A Brief History of Plant Life in the Galapagos

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Galapagos hawk flying.

Tomás de Berlanga described the Galapagos Islands when he first saw them: “It looked as though God had caused it to rain stones.” Guests may find his views a bit harsh considering how populated and well-documented the islands are now. But for these early explorers, the archipelago was as enigmatic and sublime back then as space travel was. If one were to travel back many thousand years, the Galapagos Islands would have resembled the early Earth’s surface. The Galapagos offers various opportunities for studying time and the origin of life. How it all came here is the same issue that this little group of islands is plagued by.

The Galapagos Islands’ Plant Life History: How Did It All Arrive?

This kind of cactus develops on bare lava flows, as its name suggests.

A total of 552 plant species have been identified in the Galapagos, of which 372 are considered native and 180 are endemic. The others have been introduced. It’s important to remember that 33% of all plant life in the Galapagos is made up of indigenous species. That means that almost one-third of the plants you see in the Galapagos are unique to this part of the planet!

It is also noteworthy that seventy percent of the vegetation on the islands is native to South America. The remainder originated in tropical regions.

The percentage below shows how significant an impact each of the following is thought to have had in the movement of seeds and plant life to the Galapagos:

  • Ocean Drift: 6%
  • Wind: 22%
  • Humans: 32%
  • Birds: 40%

But where did they actually settle down once they got there, and how? Ultimately, the islands were initially rather barren and unusable. But perhaps we might get a hint by returning to the cloud cover in the Highlands. Few, strong competitors are said to have been able to enter the ring, command the atmosphere, and utilize all of the moisture available because of the development of this humid niche. Higher elevations would prove to be beneficial for early species because character displacement—an evolutionary process involving the divergence of coexisting species—was made possible by these damp regions. Interestingly, the daisy—the simplest plant of all—went through this procedure in the Galapagos Islands. Eventually, this small blossom moved into the cloudier parts of the islands and adapted, eventually becoming the tree that is now known as scalesia. Yes, one might describe scalesia as a daisy tree.

Noteworthy observation: Character displacement also took place when it became evident that all the nutrients in these trees growing in the cloud forest could be taken out, particularly as the trees started to decay. Woodpeckers were necessary, but because there were none in the area, the finch, a little bird that subsequently gave rise to the species we now know as the woodpecker finch, was the closest competitor for the nutrient-rich niche.

Desolation & Distance: Where Great Things Have Little Beginnings

The Galapagos Islands’ South Plaza is well-known for its unique flora and animals.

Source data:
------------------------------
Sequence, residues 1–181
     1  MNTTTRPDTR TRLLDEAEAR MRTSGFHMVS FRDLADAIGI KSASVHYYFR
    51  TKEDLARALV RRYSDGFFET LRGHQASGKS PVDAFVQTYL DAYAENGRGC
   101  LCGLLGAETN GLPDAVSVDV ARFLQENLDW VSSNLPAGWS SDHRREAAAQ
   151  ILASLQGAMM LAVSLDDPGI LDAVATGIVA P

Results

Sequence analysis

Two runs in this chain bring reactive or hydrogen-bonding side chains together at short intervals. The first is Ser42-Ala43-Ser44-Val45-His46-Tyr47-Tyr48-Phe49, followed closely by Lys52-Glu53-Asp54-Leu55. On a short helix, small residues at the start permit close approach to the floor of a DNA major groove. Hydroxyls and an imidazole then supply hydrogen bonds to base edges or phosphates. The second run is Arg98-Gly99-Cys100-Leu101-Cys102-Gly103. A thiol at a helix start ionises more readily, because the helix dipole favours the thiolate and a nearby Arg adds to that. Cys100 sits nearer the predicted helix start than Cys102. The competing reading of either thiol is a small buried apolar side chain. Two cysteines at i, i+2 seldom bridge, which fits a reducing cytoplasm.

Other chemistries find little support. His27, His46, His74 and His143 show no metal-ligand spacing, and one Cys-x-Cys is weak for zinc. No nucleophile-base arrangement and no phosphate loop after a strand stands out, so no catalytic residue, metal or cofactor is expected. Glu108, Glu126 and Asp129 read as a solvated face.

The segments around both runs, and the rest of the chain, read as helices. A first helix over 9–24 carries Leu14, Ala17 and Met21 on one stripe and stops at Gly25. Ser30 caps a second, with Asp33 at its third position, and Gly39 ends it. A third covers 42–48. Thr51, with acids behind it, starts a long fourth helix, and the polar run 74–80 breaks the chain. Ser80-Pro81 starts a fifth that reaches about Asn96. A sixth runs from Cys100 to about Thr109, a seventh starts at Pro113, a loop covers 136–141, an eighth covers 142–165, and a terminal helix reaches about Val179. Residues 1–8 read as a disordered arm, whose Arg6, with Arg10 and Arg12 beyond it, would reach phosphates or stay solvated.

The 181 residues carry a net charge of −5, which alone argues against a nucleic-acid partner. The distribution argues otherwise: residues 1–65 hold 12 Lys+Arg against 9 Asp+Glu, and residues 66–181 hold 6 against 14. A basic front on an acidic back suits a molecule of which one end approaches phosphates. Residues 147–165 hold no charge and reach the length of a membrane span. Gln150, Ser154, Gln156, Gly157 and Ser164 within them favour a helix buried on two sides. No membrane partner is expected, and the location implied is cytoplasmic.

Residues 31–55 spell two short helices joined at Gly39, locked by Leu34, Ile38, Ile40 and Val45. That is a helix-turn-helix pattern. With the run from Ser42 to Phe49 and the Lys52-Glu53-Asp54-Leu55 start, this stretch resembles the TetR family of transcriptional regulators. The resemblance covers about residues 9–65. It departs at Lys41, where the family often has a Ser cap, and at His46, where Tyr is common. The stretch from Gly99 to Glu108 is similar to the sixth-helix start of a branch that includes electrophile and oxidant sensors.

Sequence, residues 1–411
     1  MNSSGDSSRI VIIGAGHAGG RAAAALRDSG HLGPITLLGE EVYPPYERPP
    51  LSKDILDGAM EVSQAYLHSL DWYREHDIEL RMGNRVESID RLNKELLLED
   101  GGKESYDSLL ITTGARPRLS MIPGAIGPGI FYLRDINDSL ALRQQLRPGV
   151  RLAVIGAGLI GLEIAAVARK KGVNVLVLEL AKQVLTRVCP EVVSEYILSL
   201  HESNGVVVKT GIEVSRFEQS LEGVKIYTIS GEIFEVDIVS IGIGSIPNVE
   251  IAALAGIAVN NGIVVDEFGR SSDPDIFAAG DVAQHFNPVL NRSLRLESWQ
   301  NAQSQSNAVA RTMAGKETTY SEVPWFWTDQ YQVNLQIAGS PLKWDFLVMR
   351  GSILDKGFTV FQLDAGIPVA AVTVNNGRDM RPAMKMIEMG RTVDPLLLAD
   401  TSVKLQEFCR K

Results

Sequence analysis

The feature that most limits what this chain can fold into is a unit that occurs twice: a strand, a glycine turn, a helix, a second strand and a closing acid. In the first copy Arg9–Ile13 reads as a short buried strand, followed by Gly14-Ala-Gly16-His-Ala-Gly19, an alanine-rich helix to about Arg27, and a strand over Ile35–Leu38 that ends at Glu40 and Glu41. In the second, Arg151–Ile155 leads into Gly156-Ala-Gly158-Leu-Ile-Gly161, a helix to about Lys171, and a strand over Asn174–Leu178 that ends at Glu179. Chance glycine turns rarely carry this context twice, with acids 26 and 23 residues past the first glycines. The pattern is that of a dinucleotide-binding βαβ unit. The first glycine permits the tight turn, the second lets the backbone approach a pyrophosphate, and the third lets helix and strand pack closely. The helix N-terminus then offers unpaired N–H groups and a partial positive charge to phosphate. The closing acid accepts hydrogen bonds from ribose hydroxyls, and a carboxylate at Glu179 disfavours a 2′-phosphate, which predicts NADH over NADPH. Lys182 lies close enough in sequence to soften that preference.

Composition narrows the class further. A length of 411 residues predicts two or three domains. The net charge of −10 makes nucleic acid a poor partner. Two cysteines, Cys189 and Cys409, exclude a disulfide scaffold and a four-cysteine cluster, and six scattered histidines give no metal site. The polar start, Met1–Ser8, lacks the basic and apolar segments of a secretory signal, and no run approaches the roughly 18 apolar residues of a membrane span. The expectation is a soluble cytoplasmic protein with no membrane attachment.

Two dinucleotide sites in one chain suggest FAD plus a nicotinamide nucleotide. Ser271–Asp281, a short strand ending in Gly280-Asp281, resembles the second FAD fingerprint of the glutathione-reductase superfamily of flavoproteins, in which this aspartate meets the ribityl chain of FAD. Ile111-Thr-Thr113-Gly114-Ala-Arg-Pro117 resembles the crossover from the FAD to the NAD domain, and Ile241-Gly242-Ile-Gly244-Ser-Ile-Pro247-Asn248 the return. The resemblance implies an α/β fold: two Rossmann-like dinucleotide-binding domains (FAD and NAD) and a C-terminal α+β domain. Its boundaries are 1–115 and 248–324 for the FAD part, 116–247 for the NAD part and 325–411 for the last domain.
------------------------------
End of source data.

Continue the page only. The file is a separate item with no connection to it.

As a result of volcanoes ejecting masses of Earth both upward and outward, the Galapagos developed into a diverse group of islands that differed greatly in terms of height and arrangement. In the end, this geological configuration and its location near the equator would provide the ideal conditions for supporting life.

First off, their location inside the ideal “brewing space” allows a unique range of weather patterns to emerge in the Galapagos Islands. An interesting dynamic arises between the outside air and water temperatures as a result of hot and cold currents (originating from the north and the south, respectively) clashing directly at the equator. These two come together at a location known as the “inversion zone,” which is essentially the meeting point of the hotter air above and the colder air hanging over the seas. Clouds are created by this confluence of elements, which float over the archipelago and become trapped in the higher regions of the larger islands.

The clouds that float above the archipelago are essentially caught by these rising mountains, which function as geological “nets.” Because of their exceptional ability to retain humidity, these earthly barriers can sustain their own ecosystem and themselves during the Galapagos Islands’ dry season.

This is the region where vegetation gradually began to appear on the islands, in the top parts where clouds hovered.

However, considering the harsh conditions in the Galapagos, how did anything manage to survive?

The flora of the Galapagos Islands varies in some areas during the dry and hot seasons.

There were hardly any pollinators on the islands, and there still aren’t many, considering how remote and barren the islands are. Plant life found the Galapagos Islands difficult to establish as a result. When a plant lacks a pollinator, it can only reproduce by wind or by self-pollination, which eventually became the most prevalent method. The Galapagos’ plant life was affected by this pollination pattern in an interesting way. Firstly, plants cloned themselves through self-pollination, thus they no longer needed to “groom” themselves to seem large, vibrant, and complicated to attract pollinators.

The fact that the dry season in the Galapagos tends to last longer than the rainy season was another important aspect. Consider the dry season as a mild version of winter without the snow or extremely cold temperatures. The plants in this area have evolved and adapted to withstand these periods of resource scarcity. Accordingly, plants on the Galapagos Islands do indeed hibernate, albeit in quite peculiar ways.

Updated:May 29, 2024

Published:June 1, 2017

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